I got to thinking about fantasy last night, whilst I was sitting next to Vilde's bed with my mind a-wandering. About fantasy and science fiction and how I grew to regard them with either suspicion or actual contempt. Since I was nine years old, when I picked up my first novel 'Tarka the Otter' and began to read, I loved flights of fantasy and the voyages of the imagination which one finds in fantasy and science fiction. Today however I tend to view both genres with a negative attitude, born of having read the same stories too many times in too many different interpretations. Eventually the similarities became too obvious to disregard and I lost interest with the majority of sci fi and fantasy novels published in the last two decades. There was too much dross and not enough silver.
'Tarka the Otter' was the first book I read, and looking back on it, was probably my first introduction to dedicated fantasy story telling too. Until then, there had been multiple children's television shows which could be described as fantasy, but in this post I'm thinking of how story telling novels have shaped my mind and I think of television in a mostly visual capacity. 'Tarka the Otter' kicked off a childhood obsession in me for otters, and to this day they retain a small but special place in my heart. It also sparked off a fascination with the 'outsider' characters that proliferate in fanstasy novels and which, as a Danish child growing up in North Western England, in the dreary late 1970's and early 1980's I readily identified with. When I read, and re-read 'The Hobbit' a few years later, I shed a few silent tears when I realised that Bilbo Baggins was not real and that I would never cross mist clad mountains in the strange, fascinating company of Dwarves.
That my life was to be mundane seemed impossible to me in those days, for how could life possibly be mundane? There were mountains to climb, jungles to penetrate and wars to fight. Monsters were real and friends were magical and yet, every so often reality would push its drab monotonous face into view and the fascination of my dream worlds became the horror of mere escapism.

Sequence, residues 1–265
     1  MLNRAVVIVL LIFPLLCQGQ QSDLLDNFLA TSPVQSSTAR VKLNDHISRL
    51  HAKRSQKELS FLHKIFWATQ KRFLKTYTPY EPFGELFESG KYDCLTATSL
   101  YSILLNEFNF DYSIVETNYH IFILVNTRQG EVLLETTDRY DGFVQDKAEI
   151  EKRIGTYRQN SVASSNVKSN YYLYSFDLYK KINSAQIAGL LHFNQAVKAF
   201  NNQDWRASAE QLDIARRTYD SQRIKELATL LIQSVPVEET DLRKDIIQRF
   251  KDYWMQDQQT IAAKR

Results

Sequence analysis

I was thirteen when I discovered the role playing games club at school and by that time, I'd been a dedicated science fiction fan for four years, thanks mostly to a series of weekly science fiction films on television, and to a small but coveted collection of novels I'd gathered from the Boy Scouts charity jumble sale book stall which I had been put in charge of. Amongst these gems was 'Wildeblood's Empire', 'Involution Ocean', 'Roadmarks', and 'A Gift from Earth'. I still have the last three on my sci fi book shelf, where only my favourite sci fi novels are to be found (the rest have been packed away in boxes in case I ever move to a home where I have room for the small library I have collected over the years). Each of these novels was unique to me back then. I didn't know that 'Involution Ocean' was really just 'Moby Dick' in disguise, probably because I'd likely never even heard of 'Moby Dick' back then. I didn't know any of the authors by reputatiion and was quite surprised when twelve years later Oleg leant me a whole collection of Niven novels and I realised that 'A Gift from Earth' was a part of a much larger artistic creation. Lookng back on it all, Niven is still one of my favourite authors, though he also began to get a little repetitious after a while. The trick seems to be to read novels by good authors until you notice their foibles and themes, then stop and move on before they become tarnished. I did that with Arthur C Clarke and I've never regretted it.